Objective: A retrospective study was performed to assess CT sensitivity for diagnosing tracheal rupture. Intubated cadaver tracheas were examined to assess endotracheal tube balloon overdistention and deformity and to evaluate the relationship of balloon pressures to tracheal injury.
Materials and methods: Neck or chest CT scans of 14 patients with tracheal rupture and 41 control trauma patients with pneumomediastinum but without tracheal injury were reviewed and compared to assess the presence and location of extrapulmonary air, whether direct visualization of tracheal wall disruption was possible, the size and shape of endotracheal tube balloon, signs of transtracheal balloon herniation in intubated patients, and the location of the extratracheal endotracheal tube. Intact and experimentally injured cadaver tracheas were used to evaluate tube balloon pressure and configuration.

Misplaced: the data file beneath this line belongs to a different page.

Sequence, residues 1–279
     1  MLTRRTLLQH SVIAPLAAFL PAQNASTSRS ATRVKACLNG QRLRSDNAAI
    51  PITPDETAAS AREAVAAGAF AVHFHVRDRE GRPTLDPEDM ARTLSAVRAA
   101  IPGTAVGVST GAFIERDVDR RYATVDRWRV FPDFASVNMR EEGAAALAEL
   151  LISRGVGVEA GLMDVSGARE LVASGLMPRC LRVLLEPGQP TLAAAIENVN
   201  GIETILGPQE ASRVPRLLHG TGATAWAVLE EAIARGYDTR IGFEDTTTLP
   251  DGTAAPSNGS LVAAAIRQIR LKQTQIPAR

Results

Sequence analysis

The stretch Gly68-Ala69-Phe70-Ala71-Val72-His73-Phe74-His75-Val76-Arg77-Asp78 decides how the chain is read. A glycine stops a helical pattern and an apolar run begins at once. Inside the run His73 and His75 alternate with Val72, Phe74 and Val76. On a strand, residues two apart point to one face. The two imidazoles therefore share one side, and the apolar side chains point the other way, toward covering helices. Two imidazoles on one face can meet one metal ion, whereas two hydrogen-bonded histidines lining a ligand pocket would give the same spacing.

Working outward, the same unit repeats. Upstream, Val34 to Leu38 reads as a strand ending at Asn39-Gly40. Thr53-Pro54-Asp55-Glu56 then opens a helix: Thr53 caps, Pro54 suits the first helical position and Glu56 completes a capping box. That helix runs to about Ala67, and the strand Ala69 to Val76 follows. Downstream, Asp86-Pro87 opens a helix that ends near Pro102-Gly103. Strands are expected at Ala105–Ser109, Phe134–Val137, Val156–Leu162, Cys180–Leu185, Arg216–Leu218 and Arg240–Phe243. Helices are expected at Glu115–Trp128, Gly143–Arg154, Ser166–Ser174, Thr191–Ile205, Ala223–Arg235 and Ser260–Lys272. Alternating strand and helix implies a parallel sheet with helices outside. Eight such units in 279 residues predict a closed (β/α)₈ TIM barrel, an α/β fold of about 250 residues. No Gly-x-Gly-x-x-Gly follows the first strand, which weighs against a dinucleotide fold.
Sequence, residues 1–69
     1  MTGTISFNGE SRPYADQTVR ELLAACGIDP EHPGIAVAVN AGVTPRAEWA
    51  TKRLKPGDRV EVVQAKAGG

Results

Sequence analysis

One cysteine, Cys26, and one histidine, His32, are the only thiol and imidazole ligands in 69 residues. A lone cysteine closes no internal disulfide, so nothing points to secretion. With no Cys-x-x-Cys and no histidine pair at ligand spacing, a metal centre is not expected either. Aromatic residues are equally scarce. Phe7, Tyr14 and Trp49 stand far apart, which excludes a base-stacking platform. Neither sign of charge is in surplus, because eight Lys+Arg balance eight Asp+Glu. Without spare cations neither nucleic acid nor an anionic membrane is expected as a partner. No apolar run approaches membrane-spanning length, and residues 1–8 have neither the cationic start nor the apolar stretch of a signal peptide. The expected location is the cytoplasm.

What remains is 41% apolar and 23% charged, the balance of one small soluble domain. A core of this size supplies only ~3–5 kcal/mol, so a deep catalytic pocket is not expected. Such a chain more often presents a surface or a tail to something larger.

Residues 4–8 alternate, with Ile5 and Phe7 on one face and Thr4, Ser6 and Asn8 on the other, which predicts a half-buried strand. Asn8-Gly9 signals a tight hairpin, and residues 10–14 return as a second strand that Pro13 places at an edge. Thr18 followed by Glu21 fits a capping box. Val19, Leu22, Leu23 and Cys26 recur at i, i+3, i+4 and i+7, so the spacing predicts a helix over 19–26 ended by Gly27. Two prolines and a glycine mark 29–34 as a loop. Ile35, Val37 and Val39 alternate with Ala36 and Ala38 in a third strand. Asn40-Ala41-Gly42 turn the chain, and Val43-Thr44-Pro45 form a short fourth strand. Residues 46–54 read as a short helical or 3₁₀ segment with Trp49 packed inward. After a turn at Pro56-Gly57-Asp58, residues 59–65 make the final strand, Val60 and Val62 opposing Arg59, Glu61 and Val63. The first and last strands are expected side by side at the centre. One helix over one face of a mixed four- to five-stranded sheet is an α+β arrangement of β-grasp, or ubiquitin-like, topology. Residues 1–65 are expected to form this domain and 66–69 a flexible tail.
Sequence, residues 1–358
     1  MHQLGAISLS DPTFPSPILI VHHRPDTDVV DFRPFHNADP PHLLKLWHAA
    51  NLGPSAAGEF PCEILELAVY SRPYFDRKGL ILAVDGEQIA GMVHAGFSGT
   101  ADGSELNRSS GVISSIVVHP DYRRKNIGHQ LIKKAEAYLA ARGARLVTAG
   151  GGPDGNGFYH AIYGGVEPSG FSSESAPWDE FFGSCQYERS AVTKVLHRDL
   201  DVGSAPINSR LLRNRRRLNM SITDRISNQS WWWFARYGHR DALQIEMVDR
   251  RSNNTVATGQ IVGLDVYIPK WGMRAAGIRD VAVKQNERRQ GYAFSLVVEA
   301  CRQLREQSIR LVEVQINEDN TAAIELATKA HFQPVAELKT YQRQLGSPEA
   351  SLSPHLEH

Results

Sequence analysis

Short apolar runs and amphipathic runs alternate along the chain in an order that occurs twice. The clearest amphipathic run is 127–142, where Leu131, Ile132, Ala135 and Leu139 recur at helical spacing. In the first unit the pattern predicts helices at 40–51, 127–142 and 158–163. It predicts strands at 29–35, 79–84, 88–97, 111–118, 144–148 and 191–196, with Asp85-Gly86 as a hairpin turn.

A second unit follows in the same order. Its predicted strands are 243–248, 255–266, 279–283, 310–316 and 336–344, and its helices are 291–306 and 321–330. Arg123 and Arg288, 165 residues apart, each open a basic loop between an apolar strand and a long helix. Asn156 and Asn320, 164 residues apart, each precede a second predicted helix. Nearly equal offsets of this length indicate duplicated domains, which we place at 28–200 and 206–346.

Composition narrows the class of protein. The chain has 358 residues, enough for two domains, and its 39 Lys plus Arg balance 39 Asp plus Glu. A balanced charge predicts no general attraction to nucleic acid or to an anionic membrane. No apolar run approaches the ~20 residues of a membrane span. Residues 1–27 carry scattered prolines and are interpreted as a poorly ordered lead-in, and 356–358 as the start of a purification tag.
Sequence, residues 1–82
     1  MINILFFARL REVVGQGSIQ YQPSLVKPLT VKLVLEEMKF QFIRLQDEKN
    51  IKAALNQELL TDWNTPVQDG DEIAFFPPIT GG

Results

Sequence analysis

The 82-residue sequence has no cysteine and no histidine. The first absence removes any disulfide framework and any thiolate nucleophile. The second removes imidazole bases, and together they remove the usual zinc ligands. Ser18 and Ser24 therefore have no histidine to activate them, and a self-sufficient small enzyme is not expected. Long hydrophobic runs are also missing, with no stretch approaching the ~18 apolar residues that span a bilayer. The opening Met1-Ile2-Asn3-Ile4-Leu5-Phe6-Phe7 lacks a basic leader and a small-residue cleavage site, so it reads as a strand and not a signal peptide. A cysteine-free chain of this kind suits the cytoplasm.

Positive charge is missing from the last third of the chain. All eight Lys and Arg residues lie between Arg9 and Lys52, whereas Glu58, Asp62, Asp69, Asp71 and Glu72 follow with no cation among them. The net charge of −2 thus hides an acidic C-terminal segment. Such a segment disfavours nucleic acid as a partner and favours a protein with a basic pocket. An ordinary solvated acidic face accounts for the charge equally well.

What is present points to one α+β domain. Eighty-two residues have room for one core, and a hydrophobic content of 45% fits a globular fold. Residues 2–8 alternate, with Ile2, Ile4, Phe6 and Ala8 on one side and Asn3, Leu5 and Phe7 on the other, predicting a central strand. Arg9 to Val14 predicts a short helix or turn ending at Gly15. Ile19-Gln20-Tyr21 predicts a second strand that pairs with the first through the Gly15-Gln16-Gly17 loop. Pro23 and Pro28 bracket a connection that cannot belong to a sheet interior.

Results: All 14 patients with tracheal rupture had deep cervical air and pneumomediastinum. Overdistention of the tube balloon occurred in 71% (5/7) of the intubated patients, and balloon herniation occurred in 29% (2/7). Direct tracheal injury was seen in 71% (10/14) of the patients as a wall defect (n = 8) or deformity (n = 2). Overall, CT was 85% sensitive for detecting tracheal injury. Patients with tracheal injury had a significantly lower incidence of pneumothorax (p = 0.01) than did the control group. The CT appearance of balloon herniation through defects in the cadaver tracheas closely mimicked those of patients with tracheal injury. The amount of balloon pressure required to rupture the intubated trachea was extremely high and rupture was difficult to obtain.
Conclusion: CT can reveal tracheal injury and can be used to select trauma patients with pneumomediastinum for bronchoscopy, leading to early confirmation and treatment.